Will do Qsc, i resisted to mention because i don't like to flashback on it , that i once was confronted by a knife wielding maniac, i was just leaving a public house , and its front entrance door had a small hallway about 1.5 mtrs square before the outside street door , as i entered the outer hallway , a bearded dude appeared at the outside door and as i stepped to the left anticipating him passing me on his way in , he said hey you , (he had mistaken me for being part of a gang of youths that had been shouting abuse at him or something out on the main street) as he accused me with cold dark dead eyes, i suddenly became aware that he was holding a knife in his hand pointing at my body , i was now standing in the corner of the hallway and could not move an inch , what happened was that i don't think i even had time to be scared or react in any way because i had never encountered anything like this and especially with no warning at all , i just looked at his eyes and said it wasn't me , I'm not sure how long he was in limbo for, but he just turned and departed , as i was starting to realise what had gone down, i heard a lot of screams coming from along the road, and then police appeared, he had stabbed somebody along the street
That incident made up my mind to leave that town which i had been considering at that time , because afterwards i realised that was a potential life changing incident ....phew
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Re: Self Defense videos

Post  quicksilvercrescendo on Thu 16 Feb 2012, 11:22

Most physical attacks, and especially with a knife, are going to be in a surprise, ambush or assassination context.

Little one can do at that moment other than take it on the chin.

And, again, even with a lot of training and experience it is very common and likely one will psychologically and physically freeze at that moment. Like as if time stop and you never even think to run or raise your arms in defense....you are just like...duhhhhhhhhhhh!

But still training for self-defense is valuable because there are times when it will work for you.

My big knife has just arrived in the mail and it is a thing of beauty.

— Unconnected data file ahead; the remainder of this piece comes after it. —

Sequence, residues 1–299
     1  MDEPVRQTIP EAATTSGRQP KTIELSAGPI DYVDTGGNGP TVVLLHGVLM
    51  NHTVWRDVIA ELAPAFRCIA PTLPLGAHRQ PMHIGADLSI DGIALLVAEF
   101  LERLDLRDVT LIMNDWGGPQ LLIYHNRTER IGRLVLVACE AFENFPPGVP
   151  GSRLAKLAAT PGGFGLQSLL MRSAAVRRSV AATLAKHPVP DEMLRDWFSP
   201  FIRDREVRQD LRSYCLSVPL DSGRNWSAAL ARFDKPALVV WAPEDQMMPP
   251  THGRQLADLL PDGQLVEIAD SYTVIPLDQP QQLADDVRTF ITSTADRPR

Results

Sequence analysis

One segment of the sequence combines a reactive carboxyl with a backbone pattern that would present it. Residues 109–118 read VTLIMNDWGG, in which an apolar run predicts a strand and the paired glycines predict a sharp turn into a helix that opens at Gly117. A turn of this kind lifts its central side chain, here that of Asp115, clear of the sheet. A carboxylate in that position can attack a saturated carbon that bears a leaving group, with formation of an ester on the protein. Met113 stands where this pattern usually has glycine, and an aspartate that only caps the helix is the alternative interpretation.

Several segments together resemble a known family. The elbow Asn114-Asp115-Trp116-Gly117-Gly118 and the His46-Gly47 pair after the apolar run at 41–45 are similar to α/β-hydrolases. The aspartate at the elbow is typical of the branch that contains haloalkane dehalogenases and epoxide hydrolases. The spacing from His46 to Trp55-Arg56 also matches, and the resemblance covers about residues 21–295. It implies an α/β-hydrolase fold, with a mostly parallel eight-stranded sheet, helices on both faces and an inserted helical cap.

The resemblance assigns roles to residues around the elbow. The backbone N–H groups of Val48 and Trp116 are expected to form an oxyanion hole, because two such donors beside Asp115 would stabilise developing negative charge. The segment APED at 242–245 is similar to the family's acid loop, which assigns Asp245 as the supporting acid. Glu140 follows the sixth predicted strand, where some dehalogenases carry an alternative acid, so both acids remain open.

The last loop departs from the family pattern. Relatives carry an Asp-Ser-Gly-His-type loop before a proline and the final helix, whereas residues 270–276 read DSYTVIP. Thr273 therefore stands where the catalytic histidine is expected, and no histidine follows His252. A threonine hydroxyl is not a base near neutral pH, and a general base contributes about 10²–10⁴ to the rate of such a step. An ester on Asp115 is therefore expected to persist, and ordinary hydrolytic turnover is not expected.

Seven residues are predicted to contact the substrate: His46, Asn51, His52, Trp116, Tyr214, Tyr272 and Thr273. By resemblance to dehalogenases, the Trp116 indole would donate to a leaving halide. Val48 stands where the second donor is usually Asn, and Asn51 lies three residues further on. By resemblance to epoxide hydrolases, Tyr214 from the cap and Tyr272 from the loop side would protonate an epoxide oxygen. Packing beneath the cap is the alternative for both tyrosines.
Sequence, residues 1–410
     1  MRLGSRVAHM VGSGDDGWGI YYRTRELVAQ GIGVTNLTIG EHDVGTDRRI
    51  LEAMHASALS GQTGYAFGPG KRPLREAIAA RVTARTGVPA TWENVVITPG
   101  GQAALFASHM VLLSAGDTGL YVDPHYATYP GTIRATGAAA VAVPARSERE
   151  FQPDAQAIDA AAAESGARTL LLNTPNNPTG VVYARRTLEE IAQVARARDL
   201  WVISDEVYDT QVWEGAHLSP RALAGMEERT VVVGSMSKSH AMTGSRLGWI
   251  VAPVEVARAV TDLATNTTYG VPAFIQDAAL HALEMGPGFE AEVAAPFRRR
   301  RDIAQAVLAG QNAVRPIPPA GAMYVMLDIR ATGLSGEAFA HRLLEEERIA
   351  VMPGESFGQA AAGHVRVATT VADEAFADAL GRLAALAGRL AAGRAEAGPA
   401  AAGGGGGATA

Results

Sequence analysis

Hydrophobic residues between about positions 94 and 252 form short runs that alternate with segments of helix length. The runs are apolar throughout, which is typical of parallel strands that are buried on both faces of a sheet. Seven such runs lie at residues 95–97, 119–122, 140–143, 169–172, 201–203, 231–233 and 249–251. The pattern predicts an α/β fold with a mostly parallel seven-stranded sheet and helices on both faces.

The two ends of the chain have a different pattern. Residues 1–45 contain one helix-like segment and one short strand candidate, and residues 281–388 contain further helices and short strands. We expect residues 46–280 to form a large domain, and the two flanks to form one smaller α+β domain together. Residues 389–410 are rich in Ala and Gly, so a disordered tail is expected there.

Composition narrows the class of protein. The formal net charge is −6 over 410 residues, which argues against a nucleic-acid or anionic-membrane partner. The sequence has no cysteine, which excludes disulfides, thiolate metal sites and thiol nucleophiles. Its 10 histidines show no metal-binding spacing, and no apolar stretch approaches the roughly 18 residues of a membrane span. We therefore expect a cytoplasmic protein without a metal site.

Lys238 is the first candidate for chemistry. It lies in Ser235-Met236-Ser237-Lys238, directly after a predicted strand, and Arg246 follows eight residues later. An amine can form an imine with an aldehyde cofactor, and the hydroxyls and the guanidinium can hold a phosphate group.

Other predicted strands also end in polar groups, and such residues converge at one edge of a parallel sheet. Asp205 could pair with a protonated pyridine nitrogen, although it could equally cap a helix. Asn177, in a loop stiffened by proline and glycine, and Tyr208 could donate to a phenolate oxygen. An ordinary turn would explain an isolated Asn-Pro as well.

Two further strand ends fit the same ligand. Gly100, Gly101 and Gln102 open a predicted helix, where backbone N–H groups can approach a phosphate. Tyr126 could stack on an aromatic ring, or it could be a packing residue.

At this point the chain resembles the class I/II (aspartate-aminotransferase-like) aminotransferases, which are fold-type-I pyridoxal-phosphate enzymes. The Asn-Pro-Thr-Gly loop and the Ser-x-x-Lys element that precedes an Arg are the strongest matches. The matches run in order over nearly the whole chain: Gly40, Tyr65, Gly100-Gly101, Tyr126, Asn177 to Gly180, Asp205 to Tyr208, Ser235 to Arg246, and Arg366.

But realistically, a big knife like this cannot be legally carried and can be a hinderance when one actually needs to use a blade in combat. So this one stays at home hanging in my closet and I use it for drills and practicing techniques. To go larger with a knife and I may have to just go with a mini-machete instead.
Smaller knives that cannot be seen, but brought out unseen and unexpected during a melee are more effective.
Also one that is designed in a way to prevent someone from taking it from you.
I will perhaps highlight some other knives in my collection.
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Re: Self Defense videos

Post  quicksilvercrescendo on Sat 26 May 2012, 12:01

Fighting...but not combat.
Fighting beats those of far inferior skill...but also gets one killed.
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Defense Knife against sharks

Post  highnoon on Wed 24 Oct 2012, 06:08

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Re: Self Defense videos

Post  highnoon on Wed 24 Oct 2012, 06:36



about vadim starov of systema....man..i dont know what to believe. it looks like he is changing his tempo all the time and being very anticipating and making a bunch of counter movements in advance. i can see some complex spacing this guy does....but i just dont see how the boxer could be punching like that and be "mindfucked" to miss to and fall over.

so skeptical but ive seen the xing yi boxing before and its shocking what proper body training of kinetic fluid movements can do for power for movements that seem to lack the power of conventional punches.